This typological category focuses on the transformations of former industrial areas, which can be divided into two separate groups. The first group focuses on the conversion of industrial heritage sites from the end of the 19th century for the needs of different educational, cultural and creative industries institutions, developing creative quarters. Most frequently the red and yellow brick factories built before the World War I are regarded as aesthetic assets, besides their open-plan interior design can be easily adapted to the fast-changing requirements of functionality. The other group focuses on the transformation of whole former industrial areas, replacing their former function of manufacturing with the function of accommodation, trade and services. Mostly, such transformations have a hybrid nature – the less important elements are demolished, but the most valuable and potentially reusable are preserved and remodeled.
Highway – ‘Architecture in Motion’
Together with the socioeconomic transformation at the beginning of the 1990s, private transport became an integral part of the everyday life. The rapid growth of car usage in the last two decades has increased the importance of highways in the development of the city, promoting a new form of urban expansion in Riga – the development of commercial buildings along highways, which was not topical under socialist planned economic conditions. Highway architecture is characterized by both ideological and economic diversity and ambiguity.
Autonomy – ‘Virtually Superconnected / Physically Apart’
The buildings which belong to this self-sufficient typological category can be observed in areas close to the city center, which accommodate bank buildings, sports centers and residential clusters with multistory apartment buildings. These are exactly the bank buildings and financial centers which best describe this phenomenon. These buildings are virtually superconnected and superintegrated into the global data and financial networks, but at the same time they are architectonically and physically separated, alienated from the surrounding urban environment and do not have an articulated public open space in-between them. The only connection they have to one another and the rest of the city is on the level of public transport infrastructure. These pretentious buildings and cluster blocks are archipelagos of autonomous objects scattered all around the urban environment. The building of the new National Library of Latvia has also been included in this category. Although this building will most certainly function as an effective vault for books and other information resources, its enormous size and rather negative relationship with the surrounding urban fabric will promote its status as an autonomous object in the urban milieu.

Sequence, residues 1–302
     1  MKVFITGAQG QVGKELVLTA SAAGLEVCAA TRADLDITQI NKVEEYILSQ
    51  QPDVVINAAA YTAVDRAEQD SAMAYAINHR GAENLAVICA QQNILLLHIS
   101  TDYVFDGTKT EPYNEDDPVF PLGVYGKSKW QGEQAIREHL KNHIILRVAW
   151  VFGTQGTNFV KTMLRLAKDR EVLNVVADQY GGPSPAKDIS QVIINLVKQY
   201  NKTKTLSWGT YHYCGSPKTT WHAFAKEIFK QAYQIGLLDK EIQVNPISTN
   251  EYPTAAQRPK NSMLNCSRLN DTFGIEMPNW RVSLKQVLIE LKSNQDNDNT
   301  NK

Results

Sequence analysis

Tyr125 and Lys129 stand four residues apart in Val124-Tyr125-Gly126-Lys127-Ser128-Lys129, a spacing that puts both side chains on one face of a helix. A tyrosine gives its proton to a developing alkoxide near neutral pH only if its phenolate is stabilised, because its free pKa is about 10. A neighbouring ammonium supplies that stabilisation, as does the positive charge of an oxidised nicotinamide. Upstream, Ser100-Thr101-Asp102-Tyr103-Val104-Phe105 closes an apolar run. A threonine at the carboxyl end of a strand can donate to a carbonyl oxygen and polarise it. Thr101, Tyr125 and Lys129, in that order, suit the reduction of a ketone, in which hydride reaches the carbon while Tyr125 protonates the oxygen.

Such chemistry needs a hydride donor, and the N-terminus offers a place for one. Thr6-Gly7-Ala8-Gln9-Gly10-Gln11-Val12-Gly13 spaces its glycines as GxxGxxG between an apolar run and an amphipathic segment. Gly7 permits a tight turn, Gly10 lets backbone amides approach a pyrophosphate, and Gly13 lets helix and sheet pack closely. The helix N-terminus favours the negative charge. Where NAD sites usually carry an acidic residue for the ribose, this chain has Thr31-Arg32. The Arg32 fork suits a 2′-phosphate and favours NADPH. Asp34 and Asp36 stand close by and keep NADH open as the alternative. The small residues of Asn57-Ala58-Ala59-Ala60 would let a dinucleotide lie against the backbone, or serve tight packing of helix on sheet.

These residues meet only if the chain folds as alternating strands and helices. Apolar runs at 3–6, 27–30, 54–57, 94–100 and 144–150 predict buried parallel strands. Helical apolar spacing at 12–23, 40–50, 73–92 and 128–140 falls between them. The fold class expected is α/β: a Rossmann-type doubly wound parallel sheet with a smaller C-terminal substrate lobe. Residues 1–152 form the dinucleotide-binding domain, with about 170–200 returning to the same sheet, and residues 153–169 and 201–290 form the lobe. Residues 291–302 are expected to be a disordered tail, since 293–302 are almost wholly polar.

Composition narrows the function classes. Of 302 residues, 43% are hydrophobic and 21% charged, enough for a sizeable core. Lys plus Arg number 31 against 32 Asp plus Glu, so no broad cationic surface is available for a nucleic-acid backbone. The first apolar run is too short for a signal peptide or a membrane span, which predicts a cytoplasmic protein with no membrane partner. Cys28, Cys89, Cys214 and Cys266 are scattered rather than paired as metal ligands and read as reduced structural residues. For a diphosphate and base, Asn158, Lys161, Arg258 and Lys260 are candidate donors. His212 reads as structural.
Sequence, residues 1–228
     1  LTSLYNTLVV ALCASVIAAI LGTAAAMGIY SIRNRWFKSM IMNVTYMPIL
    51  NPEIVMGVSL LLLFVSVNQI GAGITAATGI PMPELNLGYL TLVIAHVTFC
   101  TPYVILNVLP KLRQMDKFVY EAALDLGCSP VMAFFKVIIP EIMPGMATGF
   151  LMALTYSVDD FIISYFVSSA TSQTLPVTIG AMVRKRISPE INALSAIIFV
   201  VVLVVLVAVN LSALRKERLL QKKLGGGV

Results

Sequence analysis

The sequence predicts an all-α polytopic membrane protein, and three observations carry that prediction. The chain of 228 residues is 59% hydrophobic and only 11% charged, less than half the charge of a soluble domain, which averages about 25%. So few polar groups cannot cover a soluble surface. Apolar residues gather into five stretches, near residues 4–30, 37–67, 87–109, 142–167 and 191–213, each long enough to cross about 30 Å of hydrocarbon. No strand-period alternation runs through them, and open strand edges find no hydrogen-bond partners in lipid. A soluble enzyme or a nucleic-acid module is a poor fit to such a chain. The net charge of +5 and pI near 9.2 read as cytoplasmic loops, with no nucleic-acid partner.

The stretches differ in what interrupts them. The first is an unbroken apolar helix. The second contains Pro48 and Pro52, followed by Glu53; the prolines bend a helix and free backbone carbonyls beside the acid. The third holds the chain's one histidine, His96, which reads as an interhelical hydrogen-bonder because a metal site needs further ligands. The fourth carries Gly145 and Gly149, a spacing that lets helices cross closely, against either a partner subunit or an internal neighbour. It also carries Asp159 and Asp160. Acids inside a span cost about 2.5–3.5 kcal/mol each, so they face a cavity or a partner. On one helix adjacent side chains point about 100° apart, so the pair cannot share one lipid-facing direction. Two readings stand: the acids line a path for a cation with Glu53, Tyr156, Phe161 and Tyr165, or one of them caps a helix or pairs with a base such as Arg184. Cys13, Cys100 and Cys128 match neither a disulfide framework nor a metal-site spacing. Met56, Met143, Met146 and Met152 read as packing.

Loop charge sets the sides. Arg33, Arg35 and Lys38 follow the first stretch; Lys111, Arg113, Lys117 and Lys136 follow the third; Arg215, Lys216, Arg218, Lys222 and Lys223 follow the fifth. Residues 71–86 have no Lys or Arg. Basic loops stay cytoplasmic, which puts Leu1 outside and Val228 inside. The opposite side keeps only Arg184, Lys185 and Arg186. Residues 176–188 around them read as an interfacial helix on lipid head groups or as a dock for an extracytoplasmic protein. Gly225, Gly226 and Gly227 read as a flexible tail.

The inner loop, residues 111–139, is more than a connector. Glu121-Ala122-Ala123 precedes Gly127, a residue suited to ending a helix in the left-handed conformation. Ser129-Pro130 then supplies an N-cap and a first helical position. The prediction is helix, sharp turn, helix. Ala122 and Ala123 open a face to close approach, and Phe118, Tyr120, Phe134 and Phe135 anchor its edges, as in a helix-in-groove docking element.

Takeover – ‘Buildings that are ‘overtaking’ the City’
The development of this new urban typology in Riga in the last two decades is related to the rapid inflow of global capital, as well as to the overall development of real estate business in the city centre and Old Riga. If adjoining properties come in the hands of one owner, building regulations can become subject to interpretation, so that the owner could increase both the building density and the volume of property that can be used for commercial purposes without taking the characteristics of the ownership structure or traditional development in the historic centre of the city into account. Most frequently these are commercial projects, which are usually comprised of monofunctional and large-scale buildings in the centre of the city. Such buildings typically literally engulf extensive parts of the city – several plots of land, a city block or even a more extensive public space. These buildings can be considered as solutions of an architectural scale built in an attempt to solve problems of an urban scale.